Top 10 Festivals in Singapore

  

Lantern Festival

From dragon boat racing, spectacular military displays and mesmerizing bazaars, there is always a celebration taking place somewhere in Singapore.

Chinese New Year
You can't miss the two-week-long party that takes over Chinatown in Jan or Feb. With its exuberant mix of vibrant colors, sounds and tastes as well as age-old traditions, Singapore's Chinese New Year is one of the biggest events that take place on the island. During this celebration, temples open their doors, stalls sell raw fish salad and decorations glow under lanterns of the night bazaar. The floats and performances at the Chingay parade in Marina Bay are a feast for the eye.
Over weeks of celebration, cheerful Singaporeans get together to exchange mandarin oranges for good luck and feast on traditional dishes. Whether you visit seasonal markets, join the colorful processions or admire the riotous lion dances, there are endless opportunities to soak in the festive mood throughout the island.
Thaipusan Hindu festival of faith
As Singapore is a truly multicultural society, festivals also reflect this reality and this is reflected in Thaipusan, which takes place in February. Each year Singapore's traffic comes to a halt to make way for this large and colorful procession that brings Hindu devotees together to seek blessings, fulfill vows and offer thanks.
The festival honors Lord Subramaniam (also known as Lord Murugan), who is worshipped for being the destroyer of evil, and for representing virtue, youth and power. The chariot procession (with the Lord Murugan statue) sets out from Sri Thendayuthapani Temple at Tank Road to Layan Sithi Vinayagar Temple at Keong Siak Road.
Over two days of procession - give or take - devotees carry milk and wooden ornate frames - kavadis - from temple to temple, some pierce their tongues with skewers and carry a kavadi decorated with flowers and peacock feathers over their shoulders. The faithful who carry the kavadis walk 4.5 kilometers, along with relatives and friends who chant hymns and prayers to support and encourage them. The procession is a demonstration of faith and “kavadi” means “sacrifice at every step” in Tamil.
You don't have to take part in the procession to enjoy the festival. This colorful and interesting procession is an attraction in itself. You can watch the spectacle anywhere between Sri Srinivasa Peruma temple at Serangoon Road and Sri Thendayuthapani Temple at Tank Road.
Hari Raya street bazaars
Every August and September during Hari Raya, street stalls offering mouthwatering Muslim food line the streets around the Sultan Mosque and Arab Street. If you fancy something sweet instead, head to the Malay neighborhood Gelang Serai, which sells rainbow-colored biscuits.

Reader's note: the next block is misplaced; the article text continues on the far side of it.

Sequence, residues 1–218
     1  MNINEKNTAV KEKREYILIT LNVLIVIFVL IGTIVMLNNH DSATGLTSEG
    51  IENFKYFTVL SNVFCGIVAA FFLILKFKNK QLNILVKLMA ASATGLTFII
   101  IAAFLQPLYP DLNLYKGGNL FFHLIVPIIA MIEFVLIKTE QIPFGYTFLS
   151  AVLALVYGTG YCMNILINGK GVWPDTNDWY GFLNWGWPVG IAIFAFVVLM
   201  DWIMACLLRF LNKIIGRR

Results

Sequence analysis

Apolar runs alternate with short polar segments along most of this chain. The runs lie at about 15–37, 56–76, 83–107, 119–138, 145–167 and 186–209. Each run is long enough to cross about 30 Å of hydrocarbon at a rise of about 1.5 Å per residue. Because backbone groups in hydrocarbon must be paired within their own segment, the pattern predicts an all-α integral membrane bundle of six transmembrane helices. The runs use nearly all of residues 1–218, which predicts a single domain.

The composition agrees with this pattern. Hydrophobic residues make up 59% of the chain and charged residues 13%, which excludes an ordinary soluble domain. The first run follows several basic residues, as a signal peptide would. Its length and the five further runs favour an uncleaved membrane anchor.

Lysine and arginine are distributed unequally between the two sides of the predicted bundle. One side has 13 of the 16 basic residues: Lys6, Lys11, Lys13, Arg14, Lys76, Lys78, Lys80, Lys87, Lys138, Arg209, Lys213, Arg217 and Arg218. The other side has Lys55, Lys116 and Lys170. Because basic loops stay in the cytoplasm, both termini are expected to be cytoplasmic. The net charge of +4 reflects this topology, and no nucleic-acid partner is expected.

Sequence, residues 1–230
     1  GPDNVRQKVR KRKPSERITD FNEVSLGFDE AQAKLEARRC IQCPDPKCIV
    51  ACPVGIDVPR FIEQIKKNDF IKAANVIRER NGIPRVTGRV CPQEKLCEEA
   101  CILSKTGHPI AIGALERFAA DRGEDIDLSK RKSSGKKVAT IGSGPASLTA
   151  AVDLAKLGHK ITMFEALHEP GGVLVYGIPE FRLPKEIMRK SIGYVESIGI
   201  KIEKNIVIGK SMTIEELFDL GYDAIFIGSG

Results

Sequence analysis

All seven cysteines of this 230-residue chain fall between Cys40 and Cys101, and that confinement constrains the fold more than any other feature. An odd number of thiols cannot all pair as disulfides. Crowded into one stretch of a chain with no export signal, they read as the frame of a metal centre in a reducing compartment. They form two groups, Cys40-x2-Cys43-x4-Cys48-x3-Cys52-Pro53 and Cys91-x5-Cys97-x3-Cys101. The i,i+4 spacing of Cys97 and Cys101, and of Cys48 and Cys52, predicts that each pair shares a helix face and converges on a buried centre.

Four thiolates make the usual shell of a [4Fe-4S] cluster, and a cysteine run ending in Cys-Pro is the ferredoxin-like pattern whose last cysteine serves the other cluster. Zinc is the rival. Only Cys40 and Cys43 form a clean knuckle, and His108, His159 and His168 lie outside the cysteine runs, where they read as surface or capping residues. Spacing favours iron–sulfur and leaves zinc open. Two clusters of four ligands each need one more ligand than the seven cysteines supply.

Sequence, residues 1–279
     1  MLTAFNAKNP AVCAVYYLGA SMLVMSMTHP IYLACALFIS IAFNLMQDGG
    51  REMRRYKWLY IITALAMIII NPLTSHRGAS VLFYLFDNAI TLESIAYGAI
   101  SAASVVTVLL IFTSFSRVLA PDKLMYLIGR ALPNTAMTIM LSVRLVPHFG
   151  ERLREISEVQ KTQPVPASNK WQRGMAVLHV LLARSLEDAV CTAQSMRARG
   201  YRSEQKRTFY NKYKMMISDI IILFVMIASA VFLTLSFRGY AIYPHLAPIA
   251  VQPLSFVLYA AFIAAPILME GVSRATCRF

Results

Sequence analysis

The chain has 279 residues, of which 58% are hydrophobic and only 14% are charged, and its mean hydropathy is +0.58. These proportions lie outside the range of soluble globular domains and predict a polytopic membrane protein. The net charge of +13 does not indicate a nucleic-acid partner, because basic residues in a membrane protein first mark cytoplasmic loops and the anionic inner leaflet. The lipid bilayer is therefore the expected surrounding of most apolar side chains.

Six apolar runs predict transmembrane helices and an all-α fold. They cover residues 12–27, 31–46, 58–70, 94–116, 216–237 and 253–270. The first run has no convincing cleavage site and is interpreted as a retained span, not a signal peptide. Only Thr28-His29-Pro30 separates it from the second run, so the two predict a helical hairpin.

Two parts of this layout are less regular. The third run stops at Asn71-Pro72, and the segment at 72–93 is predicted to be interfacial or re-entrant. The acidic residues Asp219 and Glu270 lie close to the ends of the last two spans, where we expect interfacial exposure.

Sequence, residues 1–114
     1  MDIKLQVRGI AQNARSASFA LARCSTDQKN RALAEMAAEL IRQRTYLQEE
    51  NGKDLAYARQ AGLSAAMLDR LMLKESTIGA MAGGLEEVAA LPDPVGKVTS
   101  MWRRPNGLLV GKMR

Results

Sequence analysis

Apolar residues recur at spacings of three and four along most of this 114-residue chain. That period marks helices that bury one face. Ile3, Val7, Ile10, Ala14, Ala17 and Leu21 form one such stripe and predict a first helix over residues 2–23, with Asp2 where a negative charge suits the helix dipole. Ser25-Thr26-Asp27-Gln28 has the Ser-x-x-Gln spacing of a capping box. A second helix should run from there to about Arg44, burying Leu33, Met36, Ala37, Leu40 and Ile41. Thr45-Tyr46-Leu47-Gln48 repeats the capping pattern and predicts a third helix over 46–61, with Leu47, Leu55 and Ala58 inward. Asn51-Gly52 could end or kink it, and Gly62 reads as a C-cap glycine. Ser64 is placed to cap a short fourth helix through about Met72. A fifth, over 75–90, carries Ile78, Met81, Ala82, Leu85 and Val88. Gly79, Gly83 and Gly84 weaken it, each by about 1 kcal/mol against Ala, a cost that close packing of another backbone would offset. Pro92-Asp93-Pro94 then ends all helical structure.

The Lantern Festival (photo)
Novelty and animal lanterns light up the autumn nights in the pagoda and bridges of Chinese Garden in Jurong. The festival, which takes place in Chinatown, features lion dances and moon cake pastries.
Traditionally a time to give thanks to the gods, the Mid-Autumn Festival is also the time of the year that the moon is at its brightest, which explains why lunar legends have always been attached to this celebration. One of the most outstanding legends is the one that tells the story of Chang Er, a merciless king's wife who saved her people from his tyrannical by pouring the elixir of immortality he had intended to drink. According to the legend, after that heroic act, she ascended to the moon, ever since the Chinese have worshipped her as a Moon Goddess.
When the sun goes down, the night comes alive as festival-goers sit in gardens lit by the soft glow of paper lanterns, sip tea, nibble on moon cakes, and even compose poetry in Tang Dynasty fashion.
Singapore Arts Festival
International dance performances, plays, music and art installations are some of the spectacles in store for those who attend Singapore Arts Festival. Not only local artists but mostly international acts take over the festival to display a great variety of contemporary and avant garde. In fact, approximately 70 percent of the events are put up by international artists. One of the most significant events in the regional arts scene, during the Singapore Arts Festival shopping centers, playing fields and museums transform into theater and gallery venues.
Since its opening in 1977, the festival aims at celebrating local arts from the diverse communities in Singapore. Over the last three decades, the festival has played a key role in transformation of the city's cultural landscape.

 

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